The IKEA Effect…


In my last blog post, I mentioned Adam Ferrier talking at the Southstart conference. Adam discussed the psychology behind changing behavior through advertising. A majority of advertising is focused on changing behavior, we either want someone to do something (such as buy a certain product) or stop doing something (such as stop smoking). The theory behind changing behavior through advertising comes from the psychological theory of cognitive dissonance, whereby individuals experience mental stress or discomfort when their thoughts, feelings and behaviors do not align. Therefore, for brands to change behavior we need all three aspects to change so the consumer feels comfortable with their decision. Therefore to change behavior, we also have to change the thoughts and feelings.

The IKEA effect illustrates the consumer’s cognitive bias, and hence changing feelings, towards a brand when they have an input into the creation. Individuals place an increased value on self-made products due to the effort they put in\. This leads consumers to overvalue their creation, even though they are often poorly made and experience frustration during the construction process (in the instance of flat-pack furniture!).   However, the IKEA effect does not end with flat-pack furniture, it extends to brands including Build-a-Bear and shake-and-bake pancakes. The IKEA effect is only demonstrated whereby the project is complete. It is not evident when individuals later destroy their project or have failed to complete the project. Therefore, for the effect to be evident the consumer must be capable of completing the task. And it is important to note consumers will pay a premium for the convenience a preassembled product however they put more value on a DIY project afterwards.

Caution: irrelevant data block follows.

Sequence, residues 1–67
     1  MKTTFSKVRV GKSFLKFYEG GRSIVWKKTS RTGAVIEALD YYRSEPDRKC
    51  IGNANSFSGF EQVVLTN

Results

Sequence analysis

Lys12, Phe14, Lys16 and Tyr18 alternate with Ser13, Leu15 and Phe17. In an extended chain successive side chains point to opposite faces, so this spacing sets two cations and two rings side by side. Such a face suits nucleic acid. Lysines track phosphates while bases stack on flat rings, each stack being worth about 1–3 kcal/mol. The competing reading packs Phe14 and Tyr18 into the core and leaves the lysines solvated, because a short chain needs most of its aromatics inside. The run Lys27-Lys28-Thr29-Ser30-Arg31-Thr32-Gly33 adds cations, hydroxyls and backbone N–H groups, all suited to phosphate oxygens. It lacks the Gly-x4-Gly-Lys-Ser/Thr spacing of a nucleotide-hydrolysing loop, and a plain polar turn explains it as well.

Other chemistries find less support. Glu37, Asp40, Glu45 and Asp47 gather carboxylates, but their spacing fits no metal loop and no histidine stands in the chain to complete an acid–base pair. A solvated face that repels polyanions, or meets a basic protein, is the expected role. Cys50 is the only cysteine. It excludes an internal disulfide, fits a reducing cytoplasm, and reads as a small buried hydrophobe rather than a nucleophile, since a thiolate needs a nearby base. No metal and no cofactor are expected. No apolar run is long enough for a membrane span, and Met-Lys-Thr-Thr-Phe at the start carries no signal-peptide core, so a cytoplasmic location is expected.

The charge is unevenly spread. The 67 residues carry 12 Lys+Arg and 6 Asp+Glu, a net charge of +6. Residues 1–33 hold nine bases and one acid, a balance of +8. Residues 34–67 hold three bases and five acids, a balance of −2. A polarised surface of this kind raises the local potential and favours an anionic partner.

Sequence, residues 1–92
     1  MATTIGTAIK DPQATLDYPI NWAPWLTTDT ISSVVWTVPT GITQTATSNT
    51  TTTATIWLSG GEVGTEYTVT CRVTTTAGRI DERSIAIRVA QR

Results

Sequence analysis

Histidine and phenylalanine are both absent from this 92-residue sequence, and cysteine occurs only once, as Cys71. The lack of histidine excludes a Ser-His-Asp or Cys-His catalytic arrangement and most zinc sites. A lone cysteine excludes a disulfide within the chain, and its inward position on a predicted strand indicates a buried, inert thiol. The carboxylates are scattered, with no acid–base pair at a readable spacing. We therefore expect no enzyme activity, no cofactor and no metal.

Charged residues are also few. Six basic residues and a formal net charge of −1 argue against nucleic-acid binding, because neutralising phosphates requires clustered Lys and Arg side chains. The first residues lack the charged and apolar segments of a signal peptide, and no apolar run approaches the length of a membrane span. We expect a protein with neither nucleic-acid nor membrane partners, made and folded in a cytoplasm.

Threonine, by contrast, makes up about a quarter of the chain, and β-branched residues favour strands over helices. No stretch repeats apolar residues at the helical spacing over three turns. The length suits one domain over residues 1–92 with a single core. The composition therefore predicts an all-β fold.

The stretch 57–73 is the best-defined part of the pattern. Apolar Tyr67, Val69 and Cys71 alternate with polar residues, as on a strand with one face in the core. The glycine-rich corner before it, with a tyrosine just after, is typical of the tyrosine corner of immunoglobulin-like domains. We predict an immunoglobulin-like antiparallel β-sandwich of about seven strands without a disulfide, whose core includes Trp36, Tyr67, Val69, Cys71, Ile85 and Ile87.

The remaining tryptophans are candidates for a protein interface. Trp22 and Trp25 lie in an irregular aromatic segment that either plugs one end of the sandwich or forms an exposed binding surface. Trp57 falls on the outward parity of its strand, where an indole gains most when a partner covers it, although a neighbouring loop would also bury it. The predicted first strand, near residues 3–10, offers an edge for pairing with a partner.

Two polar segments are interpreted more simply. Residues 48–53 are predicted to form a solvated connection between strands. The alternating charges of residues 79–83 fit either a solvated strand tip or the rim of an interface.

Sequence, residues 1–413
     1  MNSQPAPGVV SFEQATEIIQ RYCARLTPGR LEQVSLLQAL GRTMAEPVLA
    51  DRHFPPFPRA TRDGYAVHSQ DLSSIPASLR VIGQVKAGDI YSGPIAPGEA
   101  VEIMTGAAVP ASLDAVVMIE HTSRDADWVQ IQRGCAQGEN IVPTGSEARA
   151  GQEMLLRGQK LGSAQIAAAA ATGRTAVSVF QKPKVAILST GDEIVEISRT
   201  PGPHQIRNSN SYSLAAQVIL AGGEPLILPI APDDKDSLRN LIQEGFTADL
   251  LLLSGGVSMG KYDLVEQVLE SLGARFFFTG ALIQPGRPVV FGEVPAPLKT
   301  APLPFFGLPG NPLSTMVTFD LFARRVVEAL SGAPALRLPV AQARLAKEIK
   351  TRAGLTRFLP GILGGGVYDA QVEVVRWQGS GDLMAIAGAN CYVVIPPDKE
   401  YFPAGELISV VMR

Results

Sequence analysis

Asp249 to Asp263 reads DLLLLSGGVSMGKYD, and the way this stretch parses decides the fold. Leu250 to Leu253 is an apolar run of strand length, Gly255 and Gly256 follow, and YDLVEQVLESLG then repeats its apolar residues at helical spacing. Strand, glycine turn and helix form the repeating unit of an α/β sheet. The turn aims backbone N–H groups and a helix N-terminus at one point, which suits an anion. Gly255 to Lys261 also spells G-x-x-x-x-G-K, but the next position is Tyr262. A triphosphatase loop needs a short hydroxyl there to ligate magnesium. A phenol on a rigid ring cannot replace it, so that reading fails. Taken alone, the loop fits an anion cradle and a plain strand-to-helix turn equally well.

So what we have here is the consumer valuing the product more once they have constructed it for a lower price point rather than purchasing the convenience a preassembled product. However IKEA still need to get consumers to put the effort into constructing the furniture.   With these IKEA’s billboards, the brand have expressed their understanding of how frustrating it is to put together their flat-pack furniture. It is such a simple idea however it has a large impact and also demonstrates humor as the brand makes a joke out of itself.

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